CAIRO -- Egypt security forces launched an early morning attack Wednesday on two sit-ins by supporters of ousted President Mohammed Morsi, firing ammunition and razing the sites with bulldozers in an attack that could end up killing hundreds.
As of mid-afternoon, Health Ministry officials said that 149 had been killed and 1,000 injured but those numbers appear to be conservative. Officials said at least five of those killed were police officers as the nationwide clashes sent this already fragile country into a downward spiral of polarization and instability.
The government effort to clear the site shut down the nation and plunged its streets into battlefields armed forces against citizens with rocks. Near the site of the larger sit-in, in Cairos eastern section of Rabaa, it was impossible to walk a few feet without seeing an injured man, hearing the wails of a grieving woman or smelling the punctuating stench of tear gas.
The government declared a month-long state of emergency Wednesday, effectively allowing security forces to clear the streets without public oversight.
But before that, throughout the day were bursts of tear gas and gunfire. McClatchy reporters caught in the middle of such fighting between protesters and police pleaded with an apartment doorman to let them inside the gate. Once there, reporters could hear the sound of nearby gunfire, screams of those hit and others breaking up bricks at a nearby construction site to use as rocks, each noise rattling the walls of the ramshackle building.
The violence spread throughout the nation as at least a dozen churches were set ablaze, along with police stations nationwide. With many roads blocked in what appeared to be an effort by the government to stop protesters from coming to the sit-in sites, supporters instead launched protests in their neighborhoods. In Faiyom, an impoverished governorate south of Cairo that was fiercely loyal to Morsi, at least 17 people died in clashes.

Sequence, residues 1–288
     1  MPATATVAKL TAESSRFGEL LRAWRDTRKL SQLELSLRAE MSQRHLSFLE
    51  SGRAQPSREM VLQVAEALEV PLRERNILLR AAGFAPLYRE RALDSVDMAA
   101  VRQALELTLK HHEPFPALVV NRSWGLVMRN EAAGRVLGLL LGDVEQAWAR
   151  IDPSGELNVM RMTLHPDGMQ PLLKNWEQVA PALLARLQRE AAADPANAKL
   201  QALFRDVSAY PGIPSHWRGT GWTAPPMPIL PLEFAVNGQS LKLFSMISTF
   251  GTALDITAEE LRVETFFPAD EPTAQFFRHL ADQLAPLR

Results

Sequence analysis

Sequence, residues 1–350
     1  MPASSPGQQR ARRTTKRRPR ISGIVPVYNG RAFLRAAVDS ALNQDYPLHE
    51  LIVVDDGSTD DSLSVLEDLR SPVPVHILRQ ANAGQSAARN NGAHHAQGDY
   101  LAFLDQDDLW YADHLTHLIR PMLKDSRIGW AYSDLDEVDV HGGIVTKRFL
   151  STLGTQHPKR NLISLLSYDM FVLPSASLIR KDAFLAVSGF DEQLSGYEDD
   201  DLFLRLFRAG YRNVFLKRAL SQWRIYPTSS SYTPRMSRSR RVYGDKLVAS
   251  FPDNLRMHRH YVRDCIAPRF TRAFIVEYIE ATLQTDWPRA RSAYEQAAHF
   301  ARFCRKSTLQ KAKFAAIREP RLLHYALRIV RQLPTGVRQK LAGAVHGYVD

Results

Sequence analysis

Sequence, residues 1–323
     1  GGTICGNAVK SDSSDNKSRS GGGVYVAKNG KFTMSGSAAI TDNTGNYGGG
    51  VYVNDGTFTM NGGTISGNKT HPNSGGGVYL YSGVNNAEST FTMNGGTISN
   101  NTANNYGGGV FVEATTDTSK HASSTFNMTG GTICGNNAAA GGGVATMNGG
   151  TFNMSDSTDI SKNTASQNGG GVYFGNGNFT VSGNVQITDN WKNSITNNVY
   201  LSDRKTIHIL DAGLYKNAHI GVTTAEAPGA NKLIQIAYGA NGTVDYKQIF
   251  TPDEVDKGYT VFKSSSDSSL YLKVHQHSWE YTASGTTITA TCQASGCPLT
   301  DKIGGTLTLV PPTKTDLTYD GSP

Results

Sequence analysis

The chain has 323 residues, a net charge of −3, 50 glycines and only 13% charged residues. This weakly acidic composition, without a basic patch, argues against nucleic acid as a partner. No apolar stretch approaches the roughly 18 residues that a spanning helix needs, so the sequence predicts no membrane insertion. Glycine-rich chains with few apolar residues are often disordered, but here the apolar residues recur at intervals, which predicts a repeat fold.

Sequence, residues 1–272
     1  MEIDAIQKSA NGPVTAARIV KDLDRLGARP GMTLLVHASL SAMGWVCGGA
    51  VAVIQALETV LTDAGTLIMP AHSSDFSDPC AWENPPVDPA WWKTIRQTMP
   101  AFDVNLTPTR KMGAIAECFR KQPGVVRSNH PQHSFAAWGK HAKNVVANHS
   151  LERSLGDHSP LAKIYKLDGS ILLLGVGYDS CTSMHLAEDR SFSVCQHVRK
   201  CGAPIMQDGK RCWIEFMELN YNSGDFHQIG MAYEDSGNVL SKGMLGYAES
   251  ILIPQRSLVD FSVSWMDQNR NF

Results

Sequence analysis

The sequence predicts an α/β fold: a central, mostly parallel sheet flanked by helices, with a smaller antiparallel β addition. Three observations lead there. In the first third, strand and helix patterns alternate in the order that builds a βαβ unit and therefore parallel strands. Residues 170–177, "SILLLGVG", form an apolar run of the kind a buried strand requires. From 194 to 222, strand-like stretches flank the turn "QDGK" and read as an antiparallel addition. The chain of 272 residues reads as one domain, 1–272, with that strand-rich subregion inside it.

Morsi supporters said at least one child was killed.
This is the third such attack on Rabaa, but the surprise and scale of this violence spurred a national discourse about the government response to the latest marginalized group, this time the Muslim Brotherhood, the secret organization through which Morsi ascended to the presidency a year ago, and his Islamists supporters. Last month, Gen. Abdel-Fatah el-Sissi, the minister of defense who announced Morsis ouster July 3, asked the public to take to the streets and give him the backing to address the sit-in.
While some decried that fellow Egyptians could treat one another with such brutality, others welcomed the clearing of the sit-in site, saying the carnage was necessary for Egypt to move forward.
Your hearts are cold. These people are peaceful. We have to defend them, one woman yelled to fellow passengers on the subway early morning.
Stop watching the news! replied another.
Ambulance workers told McClatchy they did not have permission to enter Rabaa, the far larger of the sites, and instead had to go in by foot, limiting what they could see and take back to the morgue. McClatchy reporters saw roughly 30 bodies piled up in a makeshift morgue at Rabaa field hospital, near the site of one of the sit-ins, with no more than a fan overhead to keep the bodies cool. And hospital officials said they had 10 more in another room in the same field hospital. McClatchy reporters saw other bodies outside the site; those people had tried to escape the carnage.